Yesterday, I shared a little card I made for my daughter’s first birthday celebration. I promised a little tutorial on how to get the head swinging back and forth, so I am here to deliver on that promise!
This card was actually inspired by another creation I made back in February for my husband. I tried my hand at making a spinner card, and although I liked the idea of having the little squirrel move back and forth on the branch, I wasn’t entirely happy with the end result. The mechanism that I had used didn’t really perform consistently, and the movement was more of a spin than a swing. So, after some technical consultation with my advisory board (aka – hubby!), we redesigned the mechanism. Voila!
So here is how you can make one too:
- Paper pieced image that can be divided into two parts – one part that stays stationary and one that will swing back and forth. This will also work with a stamped image…just stamp the image twine and fussy cut the part you want to swing to layer on top of the other stamped image.
- Foam adhesive squares (at least 5) – size is only important in comparison to the section of your piecing or stamp that you want to swing, and can be no bigger than a penny.
- 1 bingo chip or “tiddlywinks” (as my husband calls them). You can also substitute the chip for a penny, although your card will become heavier.
- 1 penny
Lay your paper piece down on your background shape to determine placement of the pieces. Get a sense of your pivot point – where do you want the swing to originate? In this case, I wanted the swing to be based at the eye level, so the majority of the movement was seen at the noise and chin.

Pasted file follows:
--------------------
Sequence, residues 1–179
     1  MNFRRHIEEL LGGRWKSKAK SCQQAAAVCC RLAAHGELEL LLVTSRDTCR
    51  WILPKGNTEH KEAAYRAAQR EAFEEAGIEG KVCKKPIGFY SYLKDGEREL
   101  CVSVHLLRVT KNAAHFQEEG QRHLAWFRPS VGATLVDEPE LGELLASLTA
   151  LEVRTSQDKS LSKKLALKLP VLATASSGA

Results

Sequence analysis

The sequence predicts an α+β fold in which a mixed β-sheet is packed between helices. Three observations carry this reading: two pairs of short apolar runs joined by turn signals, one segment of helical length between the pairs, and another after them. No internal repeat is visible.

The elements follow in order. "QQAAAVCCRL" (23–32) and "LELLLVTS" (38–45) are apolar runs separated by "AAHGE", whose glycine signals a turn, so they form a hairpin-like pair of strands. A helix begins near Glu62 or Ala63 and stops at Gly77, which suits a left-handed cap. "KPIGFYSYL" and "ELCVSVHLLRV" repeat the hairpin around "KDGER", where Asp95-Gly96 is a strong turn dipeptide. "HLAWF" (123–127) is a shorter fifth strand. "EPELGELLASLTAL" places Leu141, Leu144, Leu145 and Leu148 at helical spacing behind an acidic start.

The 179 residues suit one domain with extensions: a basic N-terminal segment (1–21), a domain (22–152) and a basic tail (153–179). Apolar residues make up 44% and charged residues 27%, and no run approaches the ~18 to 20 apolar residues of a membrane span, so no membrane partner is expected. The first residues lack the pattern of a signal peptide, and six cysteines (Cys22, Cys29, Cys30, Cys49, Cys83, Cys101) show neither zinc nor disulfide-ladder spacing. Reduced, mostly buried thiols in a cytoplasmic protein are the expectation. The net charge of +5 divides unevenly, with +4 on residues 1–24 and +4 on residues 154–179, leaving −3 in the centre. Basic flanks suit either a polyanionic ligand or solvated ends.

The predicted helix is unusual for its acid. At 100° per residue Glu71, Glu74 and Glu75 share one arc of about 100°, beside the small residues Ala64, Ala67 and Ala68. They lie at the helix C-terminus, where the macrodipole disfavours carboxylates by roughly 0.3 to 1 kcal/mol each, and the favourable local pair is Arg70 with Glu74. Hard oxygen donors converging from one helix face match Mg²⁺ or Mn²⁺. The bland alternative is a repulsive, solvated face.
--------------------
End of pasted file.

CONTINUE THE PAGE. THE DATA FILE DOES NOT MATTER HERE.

Remove the section of the paper piece that will be doing the swinging action. Approximate the pivot point that you decided on, and mark this with an “x” on the background paper.
Determine the size of the foam adhesive you will be using, and use an craft knife to cut out a square that is approximately 1/16″ wider on each side. This will allow the adhesive to swivel once attached.
Trim off the corners of one square of foam adhesive.
Place the trimmed foam adhesive into the middle of your bingo chip. Turn over the background piece of paper so the wring side is facing up, and place the foam adhesive/bingo chip through the cut square. The foam adhesive should now be poking through the hole you have cut with the bingo chip holding it in place. Place at least four pieces of foam adhesive around the bingo chip. This will allow for the paper to sit high enough off of your card base to allow the bingo chip to move.
Turn over the background paper making sure that the bingo chip stays in place and adhere to your card base. At this point, just make sure that the foam and bingo chip actually move by using your finger to twist it. You should have free turning movement, but it should be confined to the square you have cut.
Using the piece of your object that will actually swing (in this case – the giraffe head), turn it over so the wrong side is facing up, and adhere a penny at the bottom, central point. The weight of the penny will always pull the piece back to it’s original location. The further away the penny is located from the pivot point, the more of a swinging action you will get. If you place the penny closer to the pivot point, you will get more of a spin, rather than a swing (in a traditional spinner card, the pennies are actually placed back to back).
Turn over the swinging component and adhere it to the foam square.
And that’s it! It’s a really easy and fun way to add an extra interactive element to your card! If you try it, please let me know! I would love to see what you come up with!